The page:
The purpose of this module is to provide you with knowledge and understanding of the core concepts related to Adult Auditory Rehabilitation including principles of health psychology and signal processing as well as technical and psychosocial aspects of the rehabilitation process. As an Audiologist or Hearing Aid Dispenser this will help you to assess the needs of adult patients with hearing loss and provide patients with accurate and up to date information in order that they can make informed decisions about their management and treatment including devices, equipment and features.
Aims and Objectives
Disciplinary Specific Learning Outcomes
Having successfully completed this module you will be able to:
- Explain the process of individualised hearing-aid fitting on the basis of audiometric and other information, including the selection of an ear-mould/shell with appropriate modifications, the verification of the technical performance and other functional properties of a hearing aid (both in a coupler and the real ear), the validation of the fitting and the provision of relevant instructions and information to the particular user.
- Explain and critically analyse the arguments for, and the current consensus on, patient centred rehabilitation for adults with hearing loss, including the assessment and analysis of need, effects of psychosocial factors, the provision of accurate and balanced information regarding management options, the facilitation of the patient’s decision making (especially regarding technology) and the role of communication strategies and tactics.
- Formulate evidence-based recommendations for the rehabilitation of individual patients with common forms of hearing loss and tinnitus based on critical evaluation of a range of sources of information including that shared by the patient and the research literature.
- Demonstrate mastery of effective self-directed learning, scientific and patient-centred communication.
- Identify and describe a wide range of different technologies (e.g. hearing aids, assistive devices, auditory implants), strategies (e.g. communication), skills (e.g. facilitation) and tools. (e.g. counselling and decision making tools) and other resources potentially available to the audiologist and patient to improve the patient’s hearing-related quality of life and explain their main pros and cons for common forms of hearing loss and psychosocial circumstance.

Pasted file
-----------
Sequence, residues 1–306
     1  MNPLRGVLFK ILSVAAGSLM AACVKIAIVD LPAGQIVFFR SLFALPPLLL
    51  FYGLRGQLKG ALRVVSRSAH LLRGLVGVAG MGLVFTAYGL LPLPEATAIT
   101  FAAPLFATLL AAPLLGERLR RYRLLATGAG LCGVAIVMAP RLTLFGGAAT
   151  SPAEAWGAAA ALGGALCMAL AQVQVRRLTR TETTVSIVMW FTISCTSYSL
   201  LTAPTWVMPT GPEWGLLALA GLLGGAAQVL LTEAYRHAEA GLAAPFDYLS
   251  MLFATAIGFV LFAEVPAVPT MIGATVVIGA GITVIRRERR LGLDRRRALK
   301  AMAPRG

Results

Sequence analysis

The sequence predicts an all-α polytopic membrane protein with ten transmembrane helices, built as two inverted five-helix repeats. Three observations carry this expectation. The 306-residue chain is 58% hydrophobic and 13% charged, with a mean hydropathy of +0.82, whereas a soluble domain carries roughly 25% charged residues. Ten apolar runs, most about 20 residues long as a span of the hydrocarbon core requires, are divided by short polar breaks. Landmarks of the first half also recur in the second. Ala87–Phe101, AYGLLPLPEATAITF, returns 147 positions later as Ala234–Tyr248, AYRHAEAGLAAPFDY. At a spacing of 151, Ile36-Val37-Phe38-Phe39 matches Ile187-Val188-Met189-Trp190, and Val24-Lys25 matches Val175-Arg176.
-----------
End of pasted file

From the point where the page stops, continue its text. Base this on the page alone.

- Overview of adult auditory rehabilitation and hearing aid fitting.
- Understanding the impact of hearing loss in the context of the World Health Organisation.
- International Classification of Functioning and the biopsychosocial models of disability.
- Psychosocial impact of acquired hearing loss.
- Introduction to hearing aids and components.
- Specification and measurement of electroacoustic characteristics.
- Range of devices and features, advantages and limitations of different options, consideration of the evidence base where appropriate.
- Impressions, ear moulds, earshells and modifications.
- Hearing aid selection and fitting: candidacy, ergonomic considerations, selection of electroacoustic characteristics by prescription methods.
- Verification of hearing aid performance.
- Counselling skills in audiology, including enabling adjustment and change.
- Models of tinnitus distress.
- Tinnitus management approaches.
- Evaluation of auditory rehabilitation.
- Evaluation of tinnitus interventions.
Learning and Teaching
Teaching and learning methods
Teaching methods include:
- Traditional classroom style lectures with audio recording of lectures linked to Powerpoint slides using lecture capture software
- Question and answer sessions
- Tutorials as and when required
- Interactive discussion of ethnographic clinical videos and of the IDA motivational and decisions making tools that can assist in the process of shared goal setting and decisions making with patients
- Open door policy by module co-ordinator
- Lectures supplemented by demonstrations in AUDI6011.
|Preparation for scheduled sessions||26|
|Wider reading or practice||60|
|Total study time||150|
Assessment - The module is assessed via a written individual assignment.
Referral - Individual assignment Resubmit previous assignment.
Method of repeat year – If you don’t pass the module overall at first attempt or referral, you will have to repeat the year.
This is how we’ll formally assess what you have learned in this module.
This is how we’ll assess you if you don’t meet the criteria to pass this module.
An internal repeat is where you take all of your modules again, including any you passed. An external repeat is where you only re-take the modules you failed.
Repeat type: Internal & External